Contents

keyboard_tab
AWS Authentication Mechanisms
1
Introduction
PREVIEW2m 12s
4
IAM Roles
2m 16s
5
Key Pairs
1m 58s
6
7
Summary
2m 1s
Start course
Overview
Difficulty
Intermediate
Duration
25m
Students
346
Ratings
4.8/5
starstarstarstarstar-half
Description

In this course, we shall be looking at how AWS provides many different means of authentication.

Learning Objectives

  • The different methods of authentication that can be implemented when using AWS
  • The difference between username/password and Multi-factor authentication
  • How to configure MFA authentication
  • The process in which programmatic authentication is managed
  • How IAM roles can be used to authenticate and authorize EC2 instances to access resources
  • How Key Pairs are used to authenticate you to newly created EC2 instances
  • The different options available with regards to federated authentication

Intended Audience

  • AWS Administrators
  • Security Engineers
  • Security Architects
  • And anyone who is looking to increase their knowledge of security and authentication within AWS

Prerequisites

You should have a basic understanding of AWS IAM and what the service is used for. It would also be advantageous if you had some basic hands-on experience of Amazon EC2, but it is not essential.

Transcript

AWS allows you to access and manage AWS resources even if you don't have a user account within IAM through the use of identity federation. Put simply, identity federation allows users from identity providers, IDPs, which are external to AWS to access AWS resources securely without having to supply AWS user credentials from a valid IAM user account. An example of an identity provider can be your own corporate Microsoft Active directory. 

Federated access would then allow the users within it to access AWS. Other forms of identity providers can be any OpenID Connect Web Provider. Common examples of these are Facebook, Google, and Amazon. So, what does this mean? Well, this means that if you need users to access AWS resources that already have identities that fit into these categories, then you could allow access to your environment using these existing accounts, instead of setting up each of them with a new identity within AWS IAM, effectively allowing for a single sign-on solution. 

As the vast majority of organizations today are using Microsoft Active Directory, this is an effective way of granting access to your AWS resources without going through the additional burden of creating IAM user accounts. As a part of the configuration process to implement federated authentication, a trust relationship between the identity provider and your AWS account must be established. AWS supports two types of identity providers, web identity federation and SAML 2.0 based federation.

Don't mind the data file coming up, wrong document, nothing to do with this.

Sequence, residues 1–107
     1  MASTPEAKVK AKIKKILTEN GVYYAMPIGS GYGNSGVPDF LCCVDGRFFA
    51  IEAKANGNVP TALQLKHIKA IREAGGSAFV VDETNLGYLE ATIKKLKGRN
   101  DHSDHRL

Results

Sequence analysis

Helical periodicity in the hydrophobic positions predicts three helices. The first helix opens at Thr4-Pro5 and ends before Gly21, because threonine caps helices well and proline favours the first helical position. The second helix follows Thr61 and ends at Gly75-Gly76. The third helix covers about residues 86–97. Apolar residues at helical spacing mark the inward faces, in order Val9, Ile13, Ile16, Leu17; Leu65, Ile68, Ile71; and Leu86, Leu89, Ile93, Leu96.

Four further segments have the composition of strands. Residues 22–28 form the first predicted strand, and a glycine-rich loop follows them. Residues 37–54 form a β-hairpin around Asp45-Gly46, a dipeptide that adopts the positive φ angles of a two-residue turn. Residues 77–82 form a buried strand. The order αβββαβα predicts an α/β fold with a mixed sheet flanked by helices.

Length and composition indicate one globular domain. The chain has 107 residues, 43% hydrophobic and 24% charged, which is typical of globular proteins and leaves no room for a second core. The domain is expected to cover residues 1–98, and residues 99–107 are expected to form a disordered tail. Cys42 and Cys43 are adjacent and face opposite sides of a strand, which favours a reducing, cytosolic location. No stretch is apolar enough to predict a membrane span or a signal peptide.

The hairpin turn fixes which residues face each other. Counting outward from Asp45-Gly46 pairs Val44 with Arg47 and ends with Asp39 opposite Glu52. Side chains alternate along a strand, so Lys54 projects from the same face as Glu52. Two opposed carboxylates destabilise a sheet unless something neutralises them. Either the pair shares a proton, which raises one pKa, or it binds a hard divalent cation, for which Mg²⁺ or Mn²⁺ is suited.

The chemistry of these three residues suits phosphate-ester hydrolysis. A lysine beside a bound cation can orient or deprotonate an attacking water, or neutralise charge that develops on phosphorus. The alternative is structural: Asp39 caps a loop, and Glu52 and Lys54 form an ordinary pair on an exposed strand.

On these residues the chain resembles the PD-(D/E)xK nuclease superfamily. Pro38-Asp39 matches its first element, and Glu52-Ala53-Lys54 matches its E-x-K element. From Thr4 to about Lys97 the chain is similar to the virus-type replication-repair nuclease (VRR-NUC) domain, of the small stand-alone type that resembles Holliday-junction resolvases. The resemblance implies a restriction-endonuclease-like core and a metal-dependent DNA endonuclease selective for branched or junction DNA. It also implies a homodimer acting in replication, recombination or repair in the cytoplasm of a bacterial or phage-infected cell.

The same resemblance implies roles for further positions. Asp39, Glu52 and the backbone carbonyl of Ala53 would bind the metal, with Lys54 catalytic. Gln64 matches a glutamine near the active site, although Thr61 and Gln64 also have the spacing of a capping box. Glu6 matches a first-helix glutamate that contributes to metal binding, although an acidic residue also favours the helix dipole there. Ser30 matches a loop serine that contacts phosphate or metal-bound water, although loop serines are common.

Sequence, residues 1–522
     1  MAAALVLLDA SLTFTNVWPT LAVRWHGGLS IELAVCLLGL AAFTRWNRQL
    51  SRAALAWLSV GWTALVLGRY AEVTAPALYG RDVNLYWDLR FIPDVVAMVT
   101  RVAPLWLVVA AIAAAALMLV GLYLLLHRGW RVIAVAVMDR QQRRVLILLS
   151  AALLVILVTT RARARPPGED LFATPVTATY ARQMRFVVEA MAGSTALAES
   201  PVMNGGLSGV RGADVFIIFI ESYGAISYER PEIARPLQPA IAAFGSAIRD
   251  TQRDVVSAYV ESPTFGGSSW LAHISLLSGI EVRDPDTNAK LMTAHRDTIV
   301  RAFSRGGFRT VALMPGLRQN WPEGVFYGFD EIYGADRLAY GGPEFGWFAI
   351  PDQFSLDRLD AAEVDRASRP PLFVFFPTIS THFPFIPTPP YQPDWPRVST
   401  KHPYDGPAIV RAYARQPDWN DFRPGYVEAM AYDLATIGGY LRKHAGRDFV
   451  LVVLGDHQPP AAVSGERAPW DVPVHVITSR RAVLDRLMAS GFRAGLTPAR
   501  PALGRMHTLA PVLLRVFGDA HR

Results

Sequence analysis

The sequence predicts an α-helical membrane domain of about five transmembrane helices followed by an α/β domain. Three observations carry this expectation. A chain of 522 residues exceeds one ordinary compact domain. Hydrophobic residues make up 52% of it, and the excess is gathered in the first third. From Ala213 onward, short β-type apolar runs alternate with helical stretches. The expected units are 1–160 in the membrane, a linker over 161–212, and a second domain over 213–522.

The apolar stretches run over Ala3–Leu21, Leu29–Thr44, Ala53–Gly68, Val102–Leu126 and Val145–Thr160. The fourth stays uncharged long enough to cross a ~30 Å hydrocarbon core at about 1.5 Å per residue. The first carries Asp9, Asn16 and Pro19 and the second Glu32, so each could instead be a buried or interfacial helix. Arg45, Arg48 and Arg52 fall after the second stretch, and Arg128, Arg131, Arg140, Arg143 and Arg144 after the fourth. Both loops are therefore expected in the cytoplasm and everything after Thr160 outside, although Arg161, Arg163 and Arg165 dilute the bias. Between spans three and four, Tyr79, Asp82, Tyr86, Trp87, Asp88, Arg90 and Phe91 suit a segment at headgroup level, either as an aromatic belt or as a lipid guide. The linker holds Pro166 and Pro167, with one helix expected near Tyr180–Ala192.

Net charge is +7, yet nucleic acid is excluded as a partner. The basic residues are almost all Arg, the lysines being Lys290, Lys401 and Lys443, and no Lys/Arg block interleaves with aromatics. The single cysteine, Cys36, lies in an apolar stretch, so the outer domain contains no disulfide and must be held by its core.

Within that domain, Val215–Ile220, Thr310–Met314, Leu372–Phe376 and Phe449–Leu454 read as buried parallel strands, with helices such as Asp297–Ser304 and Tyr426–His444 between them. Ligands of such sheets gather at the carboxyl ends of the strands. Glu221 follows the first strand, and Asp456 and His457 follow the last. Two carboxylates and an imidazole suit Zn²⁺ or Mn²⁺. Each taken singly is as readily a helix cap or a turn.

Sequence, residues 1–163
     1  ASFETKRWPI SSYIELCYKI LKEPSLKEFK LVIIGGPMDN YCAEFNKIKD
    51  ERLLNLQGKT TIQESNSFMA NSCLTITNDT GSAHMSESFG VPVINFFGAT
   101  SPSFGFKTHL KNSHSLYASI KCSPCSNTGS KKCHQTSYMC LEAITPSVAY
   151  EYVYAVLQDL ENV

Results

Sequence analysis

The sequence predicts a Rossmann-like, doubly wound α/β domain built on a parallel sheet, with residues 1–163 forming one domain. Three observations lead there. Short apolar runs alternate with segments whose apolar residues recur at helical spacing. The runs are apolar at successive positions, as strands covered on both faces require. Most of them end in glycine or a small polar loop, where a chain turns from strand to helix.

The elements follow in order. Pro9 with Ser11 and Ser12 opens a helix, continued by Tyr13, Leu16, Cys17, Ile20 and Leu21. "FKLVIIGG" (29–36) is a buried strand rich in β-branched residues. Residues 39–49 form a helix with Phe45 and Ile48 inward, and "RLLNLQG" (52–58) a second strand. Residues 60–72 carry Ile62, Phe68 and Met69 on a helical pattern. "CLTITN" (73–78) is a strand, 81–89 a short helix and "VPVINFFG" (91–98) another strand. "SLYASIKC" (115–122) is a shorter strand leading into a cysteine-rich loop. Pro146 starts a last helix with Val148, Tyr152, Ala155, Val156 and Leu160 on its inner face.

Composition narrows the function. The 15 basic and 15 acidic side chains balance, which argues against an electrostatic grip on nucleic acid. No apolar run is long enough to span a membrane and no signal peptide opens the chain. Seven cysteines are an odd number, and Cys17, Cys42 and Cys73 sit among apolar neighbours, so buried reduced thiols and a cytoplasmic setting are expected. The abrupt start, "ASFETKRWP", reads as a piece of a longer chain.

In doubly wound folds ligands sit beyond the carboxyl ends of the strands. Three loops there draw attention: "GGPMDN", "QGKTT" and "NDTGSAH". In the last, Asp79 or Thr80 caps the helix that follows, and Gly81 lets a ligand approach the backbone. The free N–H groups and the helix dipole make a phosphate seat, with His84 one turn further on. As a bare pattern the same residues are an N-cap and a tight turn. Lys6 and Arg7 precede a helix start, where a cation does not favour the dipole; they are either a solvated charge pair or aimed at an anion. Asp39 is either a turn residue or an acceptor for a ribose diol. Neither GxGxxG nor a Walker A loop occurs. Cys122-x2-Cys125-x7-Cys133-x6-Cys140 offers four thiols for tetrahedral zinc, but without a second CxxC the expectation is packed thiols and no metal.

Web identity federation allows authentication between AWS resources and any public OpenID Connect Provider, such as Facebook, Google, or Amazon. When it's set up and configured and access is requested by a user to an AWS resource, then the identity provider will exchange an authentication token for temporary authentication credentials. And these credentials are associated to an IAM Role with pre-configured permissions allowing authorized access to the resource as defined by that role. SAML 2.0 based federations can allow your existing Active Directory users to authenticate to your AWS resources, allowing for a single sign-on approach. 

SAML stands for Security Assertion Markup Language, and allows for the exchange of security data, including authentication authorization tokens to take place between an identity provider and a service provider. In this case, the identity provider is Microsoft Active Directory service and the service provider is AWS. 

To learn more about AWS Federation and SSO, please see your exiting course here. Also, if you're looking to provide a means of authentication to your mobile web applications, then please see our existing course which covers Amazon Cognito here. It explores Amazon Cognito and how it can be used to manage authentication and authorization to your applications. And starts with a general overview of Amazon Cognito and when to use it. It then moves on to user pools and identity pools, and how Cognito can be integrated with your mobile and web apps to sync your application's user data across various platforms.

 

About the Author
Students
206106
Labs
1
Courses
211
Learning Paths
162

Stuart has been working within the IT industry for two decades covering a huge range of topic areas and technologies, from data center and network infrastructure design, to cloud architecture and implementation.

To date, Stuart has created 150+ courses relating to Cloud reaching over 180,000 students, mostly within the AWS category and with a heavy focus on security and compliance.

Stuart is a member of the AWS Community Builders Program for his contributions towards AWS.

He is AWS certified and accredited in addition to being a published author covering topics across the AWS landscape.

In January 2016 Stuart was awarded ‘Expert of the Year Award 2015’ from Experts Exchange for his knowledge share within cloud services to the community.

Stuart enjoys writing about cloud technologies and you will find many of his articles within our blog pages.